Ladies And Gentlemen, The 2023 Overture Has Begun, Please Take Your Seats
Notes from the theater of war
At the beginning of the week, western intelligence analysts reckoned that the 300,000 Russian mobiks — soldiers mobilized in the emergency of the Russian Army’s defeat at the hands of Ukrainians last year — had already suffered more than 100,000 casualties during Vladimir Putin’s disastrous winter offensive.
As the week ends, expectations for long-term victory are greatly reduced: “Putin has pared back his goals in the war in Ukraine to focus only on maintaining territory he has already seized, according to a new U.S. intelligence community assessment.” Following the old imperial form, Putin has assumed a defensive strategic crouch, hoping for a settlement that will give him time to rebuild.
Ukrainian intentions are less clear than they were last week. Military observers talk of postponement, even a “summer counteroffensive” rather than a spring counteroffensive, now. Time is increasingly on Ukraine’s side. Reclaiming territory is becoming a secondary mission to the breaking of Russian armies, so that Russia has nothing left to rebuild. Attrition has become their strategic position.
Defeat is an orphan, they say, while victories have thousands of fathers. When the music stops and the curtain finally rises on this opera of annihilation, Putin’s special operation is already an orphan.
Putin is hardly responsible. Defeat will be someone else’s fault, for he was in Moscow, at his residence, nowhere near the Senatsky Dvorets, or Senate Tower. Though he did visit the “front lines” himself recently to see just how bad things were, and boy were they bad. Some problems, such as the poor condition of roadways, could not be hidden from him. He will blame someone else, such as his generals, for everything.
The siloviki, oligarchs allowed to own Russia as long as Putin gets his cut, fear for their fortunes in the wake of defeat. Rubles may be worthless; the state seems likely to start nationalizing various industries, and their wealth might suffer direct taxation to make up for the current deficit spending of a regime which, being a global paraiah, cannot access foreign investment capital. They cannot be blamed for defeat, but they can be forced to finance it, at gunpoint.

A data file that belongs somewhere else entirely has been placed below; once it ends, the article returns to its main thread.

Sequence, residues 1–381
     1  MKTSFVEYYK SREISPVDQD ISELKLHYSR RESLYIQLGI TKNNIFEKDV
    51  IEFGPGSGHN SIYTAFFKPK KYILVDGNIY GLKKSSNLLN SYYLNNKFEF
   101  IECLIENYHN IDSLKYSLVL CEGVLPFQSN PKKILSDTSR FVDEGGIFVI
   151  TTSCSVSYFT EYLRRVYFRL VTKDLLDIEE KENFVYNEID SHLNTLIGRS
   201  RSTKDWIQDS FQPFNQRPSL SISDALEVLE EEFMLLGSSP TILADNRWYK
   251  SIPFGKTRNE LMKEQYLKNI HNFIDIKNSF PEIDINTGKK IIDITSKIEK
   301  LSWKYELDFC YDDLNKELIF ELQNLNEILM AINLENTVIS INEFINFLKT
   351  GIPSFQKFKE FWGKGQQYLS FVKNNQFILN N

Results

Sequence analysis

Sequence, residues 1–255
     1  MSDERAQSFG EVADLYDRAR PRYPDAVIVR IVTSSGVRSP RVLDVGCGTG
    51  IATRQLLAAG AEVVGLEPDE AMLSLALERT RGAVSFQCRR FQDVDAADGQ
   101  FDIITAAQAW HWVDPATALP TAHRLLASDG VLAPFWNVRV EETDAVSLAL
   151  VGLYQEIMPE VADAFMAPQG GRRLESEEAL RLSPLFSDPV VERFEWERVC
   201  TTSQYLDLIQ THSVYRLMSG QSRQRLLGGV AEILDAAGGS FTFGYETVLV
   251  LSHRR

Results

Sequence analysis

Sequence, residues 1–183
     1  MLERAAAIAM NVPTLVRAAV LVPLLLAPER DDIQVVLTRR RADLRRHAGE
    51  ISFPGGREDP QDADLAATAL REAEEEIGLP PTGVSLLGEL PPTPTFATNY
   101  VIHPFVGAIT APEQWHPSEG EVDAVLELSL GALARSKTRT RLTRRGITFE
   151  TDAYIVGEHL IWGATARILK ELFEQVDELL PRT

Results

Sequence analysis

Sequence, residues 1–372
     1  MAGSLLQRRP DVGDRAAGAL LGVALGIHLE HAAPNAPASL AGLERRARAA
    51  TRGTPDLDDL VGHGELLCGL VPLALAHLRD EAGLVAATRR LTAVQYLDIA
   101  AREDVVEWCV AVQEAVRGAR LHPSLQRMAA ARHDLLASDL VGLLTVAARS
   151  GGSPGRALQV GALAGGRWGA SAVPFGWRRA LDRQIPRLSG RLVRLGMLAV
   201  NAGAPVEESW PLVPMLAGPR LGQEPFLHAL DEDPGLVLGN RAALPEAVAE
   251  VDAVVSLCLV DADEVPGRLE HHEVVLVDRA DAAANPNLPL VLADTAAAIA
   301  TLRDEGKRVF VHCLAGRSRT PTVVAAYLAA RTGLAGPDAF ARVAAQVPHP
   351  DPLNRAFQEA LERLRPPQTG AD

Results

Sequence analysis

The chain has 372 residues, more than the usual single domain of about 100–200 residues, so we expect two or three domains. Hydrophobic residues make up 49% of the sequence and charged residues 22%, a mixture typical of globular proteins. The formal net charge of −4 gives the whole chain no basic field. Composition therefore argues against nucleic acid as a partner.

Yevgeny Prigozhin has already moved to reject defeat. “We were supposed to take Bakhmut by May 9. And knowing that, military bureaucrats almost completely cut our shell supplies on May 1,” he claims in a statement through his press service. Threatening to “withdraw what’s left of Wagner to lick our wounds” on 10 May, Prigozhin indicated that the Kremlin has ignored his appeals on this matter, so any defeat that happens now, is not his fault.
Holding defeat in their hands right now, the Russian Ministry of Defense and its generals (as well as their oligarch friends among the siloviki) will want third parties to take the blame in their stead. Even a fictitious internal enemy will do, though of course internal enemies are always real enough in Russia.
Given all of the above, mysterious fireworks over the Senate Tower, right in front of prominent security cameras, can serve every agenda on the list.
It is unlikely that such small drones, carrying small payloads, came so far by flight, on their own. Rather, if this was the result of Ukrainian actions, the most likely scenario involves Ukrainian agents supplying the weapons to some internal dissidents.
Sensitive to Washington’s concerns about potential enlargement of the war, Ukraine has an incentive to maintain deniability in this respect. By now, hundreds of major fires across Russia have been blamed on “smoking,” the jocular Ukrainian explanation for their clandestine work. If Kyiv arranged this, then it is psychological preparation of the battlefield, and nothing more. Ukraine knows quite well that Putin does not sleep in that dome. They are signalling a new phase in their war has begun.
Contrarily, the shrill accusation of US involvement in the so-called “attack” points to Kremlin complicity. Russian Foreign Minister Sergei Lavrov made this claim today in India — without any evidence, of course. Kremlin propaganda cannot admit that any Ukrainian is capable of independent thinking, let alone independent action. And as various observers have noted, the Kremlin would ordinarily downplay such an embarrassing breach of security. A “false flag” is hardly out of the question and at least as likely as Ukrainian resonsibility.
Next Tuesday was supposed to be Victory Day, but no Russian victory is forthcoming in Ukraine. Instead, all the Russians who matter are bracing themselves for defeat, positioning themselves against where Russia will be in the summer, when Ukraine is victorious and Russian armies are broken.
At best, Russians can hope to limit that Ukrainian victory and erect a Potemkin victory of their own. At worst, the whole thing falls apart, and then the fight begins over who gets to rule the rubble.
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